If you want an objective view of energy, ask an economist, who can tell you what to expect to pay at the pump in the coming years, and why, as well as what to expect from medium- and long-term economic growth and what the real drivers will be. These are questions that are crucial to a pending decision by the US government over natural gas exports, and while we know where big oil stands versus its manufacturing rivals—it’s the economist who can set things straight.
James Stafford: What every regular consumer wants to know is why the price of gas at the pump continues to rise in the midst of a much-lauded oil and gas boom?
Mark Thoma: In the short-run, of course, the price of gas is quite variable. Recent forecasts, for example, indicate that prices will decline a bit over the summer, but at some point they will undoubtedly head back up again. The real question is how the underlying trend for gas prices, which has been increasing over time, will be affected by increases in the supply of energy from shale and other sources. Will the upward trend in gas prices continue? The answer depends upon the relative growth in the supply and demand for energy. I believe the new energy sources and the corresponding increase in supply will temper the upward trend, but the trend will continue due in particular to growth in demand from developing economies.
James Stafford: According to first quarter 2013 figures, clean energy investment is at its lowest since 2009. What do you see happening in terms of clean energy investment over the rest of 2013 and then in the next 2-3 years?
Mark Thoma: With all of the budget pressures we have seen in recent years, I have a hard time imagining increased support for new investment from the government, so any increase will have to come from the private sector. The incentive for the private sector to undertake these investments depends upon the price of energy – as the price of energy rises alternatives become more attractive – but as noted in the answer to the previous question I see the price of energy continuing to rise, but do not expect the dramatic, permanent spikes in prices needed to spur a substantial increase in investment.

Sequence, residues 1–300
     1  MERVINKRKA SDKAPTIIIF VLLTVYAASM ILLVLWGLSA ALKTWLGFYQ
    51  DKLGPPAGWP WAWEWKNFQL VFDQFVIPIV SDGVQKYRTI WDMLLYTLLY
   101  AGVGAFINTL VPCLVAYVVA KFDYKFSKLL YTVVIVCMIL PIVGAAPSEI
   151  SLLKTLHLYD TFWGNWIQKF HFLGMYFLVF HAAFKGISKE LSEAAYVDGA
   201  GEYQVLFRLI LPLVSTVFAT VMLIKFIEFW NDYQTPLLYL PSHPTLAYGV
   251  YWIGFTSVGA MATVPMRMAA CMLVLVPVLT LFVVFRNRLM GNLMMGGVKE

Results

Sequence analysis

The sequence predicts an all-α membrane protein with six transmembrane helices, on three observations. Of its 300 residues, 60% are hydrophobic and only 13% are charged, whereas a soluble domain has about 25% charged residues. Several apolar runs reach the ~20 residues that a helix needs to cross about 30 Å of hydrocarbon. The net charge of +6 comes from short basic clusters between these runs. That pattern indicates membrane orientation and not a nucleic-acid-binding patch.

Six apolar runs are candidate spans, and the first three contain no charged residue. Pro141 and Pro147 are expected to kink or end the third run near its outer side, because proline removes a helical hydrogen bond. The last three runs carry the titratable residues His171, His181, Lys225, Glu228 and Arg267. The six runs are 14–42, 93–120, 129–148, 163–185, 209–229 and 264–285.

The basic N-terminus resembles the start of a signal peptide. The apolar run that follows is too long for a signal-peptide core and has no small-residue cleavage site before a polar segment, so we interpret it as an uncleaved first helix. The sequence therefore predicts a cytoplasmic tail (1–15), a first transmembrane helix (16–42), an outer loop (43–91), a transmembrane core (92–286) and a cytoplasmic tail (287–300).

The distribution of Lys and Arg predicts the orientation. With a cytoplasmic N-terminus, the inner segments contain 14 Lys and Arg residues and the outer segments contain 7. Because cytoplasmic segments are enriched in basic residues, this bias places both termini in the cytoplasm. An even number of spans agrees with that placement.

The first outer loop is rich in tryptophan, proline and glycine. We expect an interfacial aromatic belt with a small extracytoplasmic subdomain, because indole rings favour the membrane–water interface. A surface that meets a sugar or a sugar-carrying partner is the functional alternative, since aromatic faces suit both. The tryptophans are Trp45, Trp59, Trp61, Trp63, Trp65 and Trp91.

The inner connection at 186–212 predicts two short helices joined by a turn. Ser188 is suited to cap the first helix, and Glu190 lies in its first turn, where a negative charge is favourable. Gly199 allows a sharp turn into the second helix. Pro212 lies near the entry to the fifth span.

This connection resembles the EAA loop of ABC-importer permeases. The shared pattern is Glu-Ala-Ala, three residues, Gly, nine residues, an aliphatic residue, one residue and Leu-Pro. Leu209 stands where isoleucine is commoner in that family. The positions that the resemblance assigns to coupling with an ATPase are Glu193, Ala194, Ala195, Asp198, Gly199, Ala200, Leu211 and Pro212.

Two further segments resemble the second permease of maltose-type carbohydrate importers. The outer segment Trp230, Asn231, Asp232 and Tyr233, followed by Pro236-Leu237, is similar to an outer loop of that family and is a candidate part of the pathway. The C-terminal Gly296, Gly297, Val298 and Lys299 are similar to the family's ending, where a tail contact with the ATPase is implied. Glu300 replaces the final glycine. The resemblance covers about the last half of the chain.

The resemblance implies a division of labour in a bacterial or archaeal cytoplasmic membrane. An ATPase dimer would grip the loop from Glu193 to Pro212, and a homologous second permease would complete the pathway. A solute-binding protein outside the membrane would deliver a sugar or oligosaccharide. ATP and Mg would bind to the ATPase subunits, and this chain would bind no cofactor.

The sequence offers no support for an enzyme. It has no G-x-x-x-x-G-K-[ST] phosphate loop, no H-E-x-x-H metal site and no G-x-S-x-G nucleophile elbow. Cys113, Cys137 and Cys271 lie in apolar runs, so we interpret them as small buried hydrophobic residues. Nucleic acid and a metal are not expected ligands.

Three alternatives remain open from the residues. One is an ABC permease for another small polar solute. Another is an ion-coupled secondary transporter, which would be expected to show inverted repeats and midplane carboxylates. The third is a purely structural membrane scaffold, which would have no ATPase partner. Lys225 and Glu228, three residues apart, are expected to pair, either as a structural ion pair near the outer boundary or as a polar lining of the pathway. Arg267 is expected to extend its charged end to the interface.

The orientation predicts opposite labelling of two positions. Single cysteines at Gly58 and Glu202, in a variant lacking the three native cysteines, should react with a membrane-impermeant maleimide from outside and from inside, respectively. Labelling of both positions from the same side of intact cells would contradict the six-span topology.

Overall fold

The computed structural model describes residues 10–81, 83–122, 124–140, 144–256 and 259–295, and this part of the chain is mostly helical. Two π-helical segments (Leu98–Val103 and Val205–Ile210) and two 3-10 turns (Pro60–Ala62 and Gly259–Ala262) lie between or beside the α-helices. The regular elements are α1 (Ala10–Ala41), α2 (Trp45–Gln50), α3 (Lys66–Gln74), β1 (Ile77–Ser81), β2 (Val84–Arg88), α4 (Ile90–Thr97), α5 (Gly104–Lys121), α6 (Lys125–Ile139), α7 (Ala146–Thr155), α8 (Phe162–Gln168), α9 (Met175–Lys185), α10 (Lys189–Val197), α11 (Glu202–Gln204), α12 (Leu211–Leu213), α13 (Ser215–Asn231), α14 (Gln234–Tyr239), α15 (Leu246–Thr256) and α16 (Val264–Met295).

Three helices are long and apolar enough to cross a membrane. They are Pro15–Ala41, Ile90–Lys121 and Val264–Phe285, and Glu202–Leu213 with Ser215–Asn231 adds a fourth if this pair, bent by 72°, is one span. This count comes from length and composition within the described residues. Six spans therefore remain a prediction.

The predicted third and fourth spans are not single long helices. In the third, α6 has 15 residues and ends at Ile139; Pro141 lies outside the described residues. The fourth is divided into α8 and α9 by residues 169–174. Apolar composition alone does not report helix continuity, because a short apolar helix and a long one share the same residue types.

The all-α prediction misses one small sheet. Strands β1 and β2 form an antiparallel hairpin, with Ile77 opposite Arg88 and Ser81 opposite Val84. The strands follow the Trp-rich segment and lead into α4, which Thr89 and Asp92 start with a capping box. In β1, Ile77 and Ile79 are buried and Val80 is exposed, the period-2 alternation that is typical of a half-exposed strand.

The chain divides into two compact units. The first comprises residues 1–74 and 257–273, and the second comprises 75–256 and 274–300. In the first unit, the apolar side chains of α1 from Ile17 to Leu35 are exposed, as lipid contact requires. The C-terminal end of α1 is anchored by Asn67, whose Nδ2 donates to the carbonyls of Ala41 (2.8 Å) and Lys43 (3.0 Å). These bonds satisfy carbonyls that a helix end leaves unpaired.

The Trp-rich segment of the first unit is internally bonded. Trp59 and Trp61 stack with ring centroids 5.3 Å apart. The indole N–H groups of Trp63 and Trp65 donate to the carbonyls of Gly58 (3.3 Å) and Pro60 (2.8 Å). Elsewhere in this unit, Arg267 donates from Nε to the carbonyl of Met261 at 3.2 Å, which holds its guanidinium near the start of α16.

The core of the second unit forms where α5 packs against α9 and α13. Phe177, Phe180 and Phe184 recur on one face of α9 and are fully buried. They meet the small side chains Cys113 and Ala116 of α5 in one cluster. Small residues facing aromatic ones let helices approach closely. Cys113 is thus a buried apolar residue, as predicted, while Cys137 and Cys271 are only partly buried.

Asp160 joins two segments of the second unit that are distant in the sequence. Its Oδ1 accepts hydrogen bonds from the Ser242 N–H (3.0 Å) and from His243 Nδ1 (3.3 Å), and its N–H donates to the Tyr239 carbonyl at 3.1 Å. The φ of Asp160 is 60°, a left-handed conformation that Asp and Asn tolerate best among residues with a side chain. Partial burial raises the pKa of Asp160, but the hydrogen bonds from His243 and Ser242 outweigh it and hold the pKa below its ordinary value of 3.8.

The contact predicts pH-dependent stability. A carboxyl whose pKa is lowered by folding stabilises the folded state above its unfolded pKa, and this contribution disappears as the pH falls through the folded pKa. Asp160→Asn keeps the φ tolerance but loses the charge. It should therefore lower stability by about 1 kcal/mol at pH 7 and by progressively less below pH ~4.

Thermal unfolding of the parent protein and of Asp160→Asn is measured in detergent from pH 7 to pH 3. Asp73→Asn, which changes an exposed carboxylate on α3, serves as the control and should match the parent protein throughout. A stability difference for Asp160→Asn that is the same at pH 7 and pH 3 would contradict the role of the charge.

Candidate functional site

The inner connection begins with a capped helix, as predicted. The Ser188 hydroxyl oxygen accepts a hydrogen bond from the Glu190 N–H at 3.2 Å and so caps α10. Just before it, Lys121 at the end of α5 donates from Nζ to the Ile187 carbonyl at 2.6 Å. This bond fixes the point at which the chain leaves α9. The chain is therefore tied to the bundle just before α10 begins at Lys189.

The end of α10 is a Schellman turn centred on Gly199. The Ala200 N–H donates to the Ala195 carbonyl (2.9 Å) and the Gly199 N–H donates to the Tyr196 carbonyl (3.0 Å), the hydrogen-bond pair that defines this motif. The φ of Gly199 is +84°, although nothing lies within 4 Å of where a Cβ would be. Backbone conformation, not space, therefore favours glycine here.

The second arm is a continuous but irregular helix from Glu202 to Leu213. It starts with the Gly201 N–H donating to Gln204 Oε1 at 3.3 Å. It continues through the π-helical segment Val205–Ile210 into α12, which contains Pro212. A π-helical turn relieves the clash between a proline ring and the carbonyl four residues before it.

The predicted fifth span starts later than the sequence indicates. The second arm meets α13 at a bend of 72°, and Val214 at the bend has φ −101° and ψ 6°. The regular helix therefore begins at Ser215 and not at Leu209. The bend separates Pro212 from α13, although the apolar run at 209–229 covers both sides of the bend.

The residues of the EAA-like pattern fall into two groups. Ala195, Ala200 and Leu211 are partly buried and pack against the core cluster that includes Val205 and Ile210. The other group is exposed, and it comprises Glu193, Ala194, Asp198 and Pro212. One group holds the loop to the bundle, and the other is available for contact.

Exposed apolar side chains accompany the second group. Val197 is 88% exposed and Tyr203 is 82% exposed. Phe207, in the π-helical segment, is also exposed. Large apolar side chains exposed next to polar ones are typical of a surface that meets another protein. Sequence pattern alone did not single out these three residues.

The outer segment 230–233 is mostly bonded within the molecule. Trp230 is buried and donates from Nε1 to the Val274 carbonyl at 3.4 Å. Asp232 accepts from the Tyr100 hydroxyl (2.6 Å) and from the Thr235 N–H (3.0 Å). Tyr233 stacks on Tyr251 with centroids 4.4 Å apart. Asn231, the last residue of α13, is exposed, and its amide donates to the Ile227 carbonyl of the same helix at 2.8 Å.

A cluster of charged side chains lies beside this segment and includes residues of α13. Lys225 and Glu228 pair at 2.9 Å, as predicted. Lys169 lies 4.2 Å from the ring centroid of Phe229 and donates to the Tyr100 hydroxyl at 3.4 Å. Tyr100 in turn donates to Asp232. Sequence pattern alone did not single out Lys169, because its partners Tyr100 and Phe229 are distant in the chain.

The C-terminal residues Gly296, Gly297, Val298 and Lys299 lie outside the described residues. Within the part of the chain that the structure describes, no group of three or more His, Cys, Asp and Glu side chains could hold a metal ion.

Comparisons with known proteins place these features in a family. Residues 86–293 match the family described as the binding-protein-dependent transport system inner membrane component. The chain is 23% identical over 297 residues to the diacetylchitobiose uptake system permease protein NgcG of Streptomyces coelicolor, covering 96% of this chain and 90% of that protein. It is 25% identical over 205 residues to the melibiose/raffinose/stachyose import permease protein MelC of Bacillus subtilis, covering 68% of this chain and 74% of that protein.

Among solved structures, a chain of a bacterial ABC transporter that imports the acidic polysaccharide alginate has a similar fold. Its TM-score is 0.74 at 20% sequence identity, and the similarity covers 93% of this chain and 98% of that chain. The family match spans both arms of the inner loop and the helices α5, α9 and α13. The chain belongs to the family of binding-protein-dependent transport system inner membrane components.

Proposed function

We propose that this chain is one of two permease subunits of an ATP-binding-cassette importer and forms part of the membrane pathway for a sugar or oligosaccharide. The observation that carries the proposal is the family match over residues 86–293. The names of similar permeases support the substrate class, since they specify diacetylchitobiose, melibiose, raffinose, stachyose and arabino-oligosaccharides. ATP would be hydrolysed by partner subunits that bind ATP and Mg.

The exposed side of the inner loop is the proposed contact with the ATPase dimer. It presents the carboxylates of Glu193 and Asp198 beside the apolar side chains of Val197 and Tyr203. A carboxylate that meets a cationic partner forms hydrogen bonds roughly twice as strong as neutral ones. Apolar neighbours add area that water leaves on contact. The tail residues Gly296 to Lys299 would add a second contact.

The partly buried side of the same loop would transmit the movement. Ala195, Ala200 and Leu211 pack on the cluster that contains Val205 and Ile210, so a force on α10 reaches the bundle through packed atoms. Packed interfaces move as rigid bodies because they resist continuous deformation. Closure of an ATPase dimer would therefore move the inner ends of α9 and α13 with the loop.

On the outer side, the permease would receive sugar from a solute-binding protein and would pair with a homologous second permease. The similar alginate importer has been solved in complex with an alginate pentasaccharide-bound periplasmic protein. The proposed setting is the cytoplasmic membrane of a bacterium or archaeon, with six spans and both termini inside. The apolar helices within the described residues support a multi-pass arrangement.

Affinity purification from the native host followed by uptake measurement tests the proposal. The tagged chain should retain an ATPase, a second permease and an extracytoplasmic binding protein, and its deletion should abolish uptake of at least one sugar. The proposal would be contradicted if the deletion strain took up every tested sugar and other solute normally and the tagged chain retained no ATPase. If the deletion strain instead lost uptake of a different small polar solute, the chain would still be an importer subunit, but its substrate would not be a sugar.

James Stafford: Is the ethanol mandate economically feasible?
Mark Thoma: I think the ethanol mandate is economically feasible in the sense that it could persist, but I don’t think it’s the best way to address our reliance on imported energy or the environmental issues associated with energy use. It’s the political feasibility that seems to be most at issue, and the power struggle between states with grain interests and states with interests in traditional fossil fuels will determine the outcome. I expect the ethanol mandate will eventually be overcome, particularly since the discovery of new domestic energy supplies undermines one of the strongest arguments for it, energy independence.
James Stafford: On a broader level, is US energy policy missing the mark by interfering too much to boost renewable energy against fossil fuels? Should the free market reign?
Mark Thoma: When significant market failures are present, the free market does not produce the best possible allocation of resources and government intervention can help. Thus, the question for me is whether significant market failures exist in renewable energy research. I believe that they do, and that, if anything, we are not doing enough to promote new energy technology. This is not unique to renewable energy, such market failures are common and underlie government issued patents, research grants, and so on. However, let me be clear that I am not in favor of government “picking winners” by, say, favoring particular companies or products, but I am in favor of generous support for basic research in this area.
James Stafford: How do you see the US carbon trading market shaping up even though it is not on a national level, but remains the purview of states, most notably California?
Mark Thoma: Presently, there seems to be little momentum for a US carbon market, and I don’t see that changing in the near future. The necessary public and political support simply isn’t there. It will, sadly, probably take a natural disaster or extinction of an important species that can clearly be connected to climate change before any notable change occurs.